Faulty Flashing Will Lead To Costly Repairs
Roof flashing is one of those aspects of a property you may never have even noticed. You may have noticed it glinting in the sunlight on your roof, wondered what it was and even thought it was an eyesore. But a thin, carefully installed layer of roof flashing could be the only thing standing between you and an unwanted internal water feature during the next Brisbane deluge.
But if the roof flashing on your property isn’t up to scratch you could find yourself saddled with a damp, mouldy and expensive money pit. Leave roof problems long enough and you could end up with substantial damage and costly repairs.
What is roof flashing?
Roof flashing is an essential part of the process of waterproofing a house. Essentially, it stops water getting into the building via channels, gaps or joins that would otherwise be susceptible to leaks, for example, where a roof cladding abuts an upstairs wall or around vent pipes etc.
The flashing itself is an impervious (ie. waterproof) material installed along the joins in a roof eg. lead sheets etc. Its purpose is to redirect water away from the join, towards a more appropriate escape route such as a gutter or downpipe. This can include joins around protrusions such as skylights, chimneys or vents or around dormer windows. You’ll also find roof flashing around the bottom of valleys (channels) in your roof.
Sometimes flashing is concealed; other times it’s visible… just like the problems it causes if it’s not functioning effectively.
Types of roof flashing materials
Lead sheeting used to be one of the most common materials used in the manufacture of roof flashing and is still used today. Lead is malleable and easy to cut and shape and very effective. To some degree lead is falling out of favour for use in flashing, especially with the increased popularity of directing run-off to rain water tanks as lead contamination in tank water can have serious implications. There is also the availability of cheaper and more lightweight products that are also effective. Powdercoated steel flashing and aluminium flashing are much more commonplace now. Roof flashing materials can also be made from a bitumen, zinc or even copper.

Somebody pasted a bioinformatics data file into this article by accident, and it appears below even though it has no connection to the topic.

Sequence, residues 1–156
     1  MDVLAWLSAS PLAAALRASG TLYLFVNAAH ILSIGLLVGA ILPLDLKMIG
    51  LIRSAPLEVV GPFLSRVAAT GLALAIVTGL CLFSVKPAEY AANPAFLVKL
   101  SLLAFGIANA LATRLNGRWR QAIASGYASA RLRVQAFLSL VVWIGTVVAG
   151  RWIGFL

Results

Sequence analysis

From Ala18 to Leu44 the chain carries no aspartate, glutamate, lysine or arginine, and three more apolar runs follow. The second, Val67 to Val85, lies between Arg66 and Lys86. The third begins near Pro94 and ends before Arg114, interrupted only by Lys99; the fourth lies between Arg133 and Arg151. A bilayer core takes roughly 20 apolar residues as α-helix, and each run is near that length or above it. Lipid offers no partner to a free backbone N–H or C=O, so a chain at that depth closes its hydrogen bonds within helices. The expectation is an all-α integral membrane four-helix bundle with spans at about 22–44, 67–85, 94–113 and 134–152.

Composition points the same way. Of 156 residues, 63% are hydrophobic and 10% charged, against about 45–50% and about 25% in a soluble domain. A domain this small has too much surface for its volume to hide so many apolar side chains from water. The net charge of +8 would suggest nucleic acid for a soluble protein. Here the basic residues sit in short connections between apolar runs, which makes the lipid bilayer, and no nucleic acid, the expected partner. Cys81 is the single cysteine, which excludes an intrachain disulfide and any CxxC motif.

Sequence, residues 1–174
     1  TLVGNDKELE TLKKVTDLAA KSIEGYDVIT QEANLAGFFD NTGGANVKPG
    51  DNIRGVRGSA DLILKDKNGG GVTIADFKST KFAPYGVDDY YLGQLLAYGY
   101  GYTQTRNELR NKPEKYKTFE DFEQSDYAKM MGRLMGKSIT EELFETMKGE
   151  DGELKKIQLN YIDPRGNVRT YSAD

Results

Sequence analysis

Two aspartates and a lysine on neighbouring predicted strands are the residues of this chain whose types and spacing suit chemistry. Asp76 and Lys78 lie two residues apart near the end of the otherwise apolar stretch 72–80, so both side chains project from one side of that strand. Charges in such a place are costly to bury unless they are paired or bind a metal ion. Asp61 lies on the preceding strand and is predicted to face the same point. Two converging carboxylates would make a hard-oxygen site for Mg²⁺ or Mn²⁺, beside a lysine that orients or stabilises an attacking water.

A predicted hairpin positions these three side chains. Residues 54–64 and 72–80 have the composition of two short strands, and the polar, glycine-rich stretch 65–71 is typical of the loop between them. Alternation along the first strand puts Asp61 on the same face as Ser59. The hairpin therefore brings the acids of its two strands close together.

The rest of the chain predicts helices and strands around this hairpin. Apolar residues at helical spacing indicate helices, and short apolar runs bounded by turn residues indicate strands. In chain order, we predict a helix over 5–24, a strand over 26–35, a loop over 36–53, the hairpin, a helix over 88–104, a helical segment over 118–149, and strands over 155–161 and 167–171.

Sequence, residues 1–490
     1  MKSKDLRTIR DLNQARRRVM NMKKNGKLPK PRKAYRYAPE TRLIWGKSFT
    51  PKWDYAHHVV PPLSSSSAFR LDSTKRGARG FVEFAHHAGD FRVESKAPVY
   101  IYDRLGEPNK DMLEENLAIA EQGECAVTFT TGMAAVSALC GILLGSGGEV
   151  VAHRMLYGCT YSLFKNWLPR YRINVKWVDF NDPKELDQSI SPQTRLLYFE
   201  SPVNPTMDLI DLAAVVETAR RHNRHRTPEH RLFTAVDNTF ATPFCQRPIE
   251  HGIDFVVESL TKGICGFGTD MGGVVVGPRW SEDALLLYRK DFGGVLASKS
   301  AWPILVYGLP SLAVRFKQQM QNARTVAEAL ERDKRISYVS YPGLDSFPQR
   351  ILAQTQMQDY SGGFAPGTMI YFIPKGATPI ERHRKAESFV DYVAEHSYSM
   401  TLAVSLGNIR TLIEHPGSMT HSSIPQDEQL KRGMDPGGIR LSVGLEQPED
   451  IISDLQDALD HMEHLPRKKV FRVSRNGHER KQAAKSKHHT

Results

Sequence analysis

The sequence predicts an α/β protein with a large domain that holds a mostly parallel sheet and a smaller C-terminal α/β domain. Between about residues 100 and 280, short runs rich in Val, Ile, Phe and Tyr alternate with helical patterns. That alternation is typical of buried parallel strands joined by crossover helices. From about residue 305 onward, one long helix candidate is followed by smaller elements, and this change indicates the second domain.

Different roof flashing materials suit different types of roofs. Corrugated roof flashing can differ greatly from flat roof flashing, tile roof flashing or slate roof flashing.
What can go wrong with roof flashing?
Roof flashing problems can arise for a number of reasons.
The roof flashing may have been poorly installed in the first place, providing an inadequate, incomplete barrier to water. It may have been poorly shaped for its location or joints in the flashing may be open and not sealed or the flashing may be fretting and cracking with age.
Alternatively, an accumulation of debris; leaves, dirt etc can build up over time and have the effect of diverting water that the flashing is supposed to direct away, resulting in the water pooling and finding an alternative way in. A build-up of moss or other vegetation can also lead to compromised roof flashing. The roof flashing may have even been damaged by rodents or pests such as Indian mynah birds or possums aggressively trying to find a way into the roof space for shelter or nesting purposes.